decided: June 22, 1978.
FRANK R. HENRY, APPELLANT
COMMONWEALTH OF PENNSYLVANIA, WORKMEN'S COMPENSATION APPEAL BOARD AND CONTROL PRODUCTS CO., INC., APPELLEES
Appeal from the Court of Common Pleas of Allegheny County in case of Frank R. Henry v. Control Products Company, Inc. and Commonwealth of Pennsylvania, No. S.A. 967 of 1967.
Alexander J. Pentecost, for appellant.
Paul D. Kruper, for appellee, Control Products Co., Inc.
William C. O'Toole, Assistant Attorney General, for appellee, Commonwealth of Pennsylvania.
Judges Crumlish, Jr., Rogers and DiSalle, sitting as a panel of three. Opinion by Judge Crumlish, Jr.
[ 36 Pa. Commw. Page 263]
Claimant/Appellant, Frank R. Henry, filed a claim petition under Section 108(n) of The Pennsylvania Occupational Disease Act (Act), 77 P.S. § 1208(n),*fn1 alleging that his disability resulting in bronchial asthma
[ 36 Pa. Commw. Page 264]
was due to exposure to fiberglass at his Employer's plant.*fn2 The referee awarded compensation benefits which were assessed against Employer and the Commonwealth of Pennsylvania (Appellees) on a 40/60 basis. On appeal, the Workmen's Compensation Appeal Board (Board) reversed the referee's decision and found that Claimant failed to prove that he was disabled due to an occupational disease and concluded that Claimant did not prove that his bronchial asthma which exists in the general public is peculiar to his work with fiberglass. Claimant appealed to the Court of Common Pleas which sustained the Board's decision and he now comes to us.
Claimant argues that he has met his burden under Section 108(n) of the Act and that the Board and the court below disregarded competent evidence. He relies on the testimony of Doctor Robert R. Speer, O.D.,*fn3 who testified that Claimant's condition was due to fiberglass irritation and that asthmatic bronchitis caused by exposure to fiberglass is peculiar to an industry or plant, such as Employer's, which uses fiberglass in its manufacturing process.
Appellees urge that the Board's findings are amply supported by the evidence and that there was no abuse of discretion. They rebut the testimony of Dr. Speer
[ 36 Pa. Commw. Page 265]
with the findings of Dr. John H. Scott, M.D., an internist, who reported to Employer's insurance carrier, in part, as follows:
I have reviewed some literature relating to the lungs of workers exposed to fiberglass particles. In the Archives of Environmental Health from July 1971, Dr. Paul Gross and others found that long-term exposure to the dust of fiberglass used for insulation causes no demonstrable gross or microscopic pulmonary damage. Their conclusion was based on the results of a post mortem study of the lungs of twenty fiberglass workers who had had exposure to the dust of fibrous glass for periods ranging from 16-32 years. Dr. George Wright of Cleveland writing in the Archives of Environmental Health in February 1968, found that individuals working in an environment containing airborne particles of fibrous glass for periods of 10-25 years showed no unusual findings on chest x-ray. In other words, the chest x-rays of workers exposed to fibrous glass particles showed no differences from individuals without such exposure.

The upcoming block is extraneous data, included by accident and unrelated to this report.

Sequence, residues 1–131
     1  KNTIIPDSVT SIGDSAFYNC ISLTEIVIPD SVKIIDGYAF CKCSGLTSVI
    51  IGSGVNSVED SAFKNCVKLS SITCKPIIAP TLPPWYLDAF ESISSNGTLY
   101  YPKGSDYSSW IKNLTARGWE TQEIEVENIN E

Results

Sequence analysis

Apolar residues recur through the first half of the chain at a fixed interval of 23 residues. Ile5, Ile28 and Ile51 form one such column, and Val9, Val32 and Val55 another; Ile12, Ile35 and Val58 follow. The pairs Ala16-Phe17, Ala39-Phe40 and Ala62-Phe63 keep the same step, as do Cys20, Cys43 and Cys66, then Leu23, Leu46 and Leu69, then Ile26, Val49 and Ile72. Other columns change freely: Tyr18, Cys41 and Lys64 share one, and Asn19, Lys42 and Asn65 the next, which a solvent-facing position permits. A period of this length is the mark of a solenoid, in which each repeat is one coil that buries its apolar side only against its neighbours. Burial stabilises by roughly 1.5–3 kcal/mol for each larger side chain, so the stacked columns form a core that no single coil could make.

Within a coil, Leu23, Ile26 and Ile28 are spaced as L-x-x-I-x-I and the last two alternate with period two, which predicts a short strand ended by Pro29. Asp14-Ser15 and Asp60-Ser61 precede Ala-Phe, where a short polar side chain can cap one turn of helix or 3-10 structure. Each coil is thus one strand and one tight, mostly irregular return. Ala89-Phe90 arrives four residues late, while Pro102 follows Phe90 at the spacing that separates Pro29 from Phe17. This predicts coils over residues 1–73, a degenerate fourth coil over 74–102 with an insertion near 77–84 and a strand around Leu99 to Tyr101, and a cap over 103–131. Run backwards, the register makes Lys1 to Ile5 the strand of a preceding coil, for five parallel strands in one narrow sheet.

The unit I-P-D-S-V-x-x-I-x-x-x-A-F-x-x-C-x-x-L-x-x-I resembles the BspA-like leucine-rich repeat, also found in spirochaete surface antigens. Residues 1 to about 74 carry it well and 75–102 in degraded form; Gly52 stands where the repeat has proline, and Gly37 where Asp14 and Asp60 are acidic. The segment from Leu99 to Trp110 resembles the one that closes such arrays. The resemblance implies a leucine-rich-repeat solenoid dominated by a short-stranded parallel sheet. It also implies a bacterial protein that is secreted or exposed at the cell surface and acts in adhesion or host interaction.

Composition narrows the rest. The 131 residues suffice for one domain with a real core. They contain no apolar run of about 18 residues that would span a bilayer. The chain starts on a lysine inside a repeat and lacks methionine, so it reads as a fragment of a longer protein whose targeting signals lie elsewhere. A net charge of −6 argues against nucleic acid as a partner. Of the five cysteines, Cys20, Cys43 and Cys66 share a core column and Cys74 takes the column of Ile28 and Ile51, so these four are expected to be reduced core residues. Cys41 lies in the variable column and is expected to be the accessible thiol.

On the basis of my examination, it is my opinion that Mr. Henry has a mild degree of asthmatic bronchitis. Pulmonary function studies are within normal limits except for a slight elevation in the residual volume. Arterial blood gases were normal. I do not believe that the asthmatic bronchitis has been induced by his occupation, instead, asthmatic bronchitis is fairly common in the general population and is frequently triggered by respiratory infections or various other allergens. In addition, I believe that his history of heavy cigarette smoking until
[ 36 Pa. Commw. Page 266]
May of 1972 is quite significant in that such individuals are more prone to development of various types of bronchitis than are non-smokers.
In occupational disease cases, the Board remains the ultimate fact-finder and may disregard the findings of fact of the referee. It is, therefore, the exclusive province of the Board to weigh evidence and accept or reject testimony of witnesses. See Section 423 of the Act, 77 P.S. § 1523. See also Dunn v. Merck & Co., 463 Pa. 441, 345 A.2d 601 (1975). The findings and conclusions of the Board may not be disturbed unless a violation of the constitutional rights of the appellant, an error of law, or a lack of substantial evidence is discovered. See Workmen's Compensation Appeal Board v. Ira Berger & Sons, 470 Pa. 239, 368 A.2d 282 (1977). We can discern no basis in this instant appeal to disturb the findings and conclusions of the Board.
Even in the absence of contradictory medical testimony, Claimant did not sustain his burden of proof under Section 108(n) of the Act. To prevail, Claimant must prove that asthmatic bronchitis due to exposure to fiberglass dust is peculiar to his occupation as a wireman and he must specify the characteristics of its manifestations. See Greer v. United States Steel Corp., 475 Pa. 448, 380 A.2d 1221 (1977). See also Utter v. Asten-Hill Mfg. Co., 453 Pa. 401, 309 A.2d 583 (1973). This Claimant has failed to do. His medical expert, Dr. Speer, testified that, in his opinion, Claimant's bronchial asthma was caused by irritation due to fiberglass and was manifested by shortness of breath and wheezing. However, he failed to specify how and why bronchial asthma was peculiar to Claimant's occupation, nor did he distinguish it from bronchial asthma suffered by the general population.
[ 36 Pa. Commw. Page 267]
And Now, this 22nd day of June, 1978, the decision of the Court of Common Pleas of Allegheny County is hereby affirmed.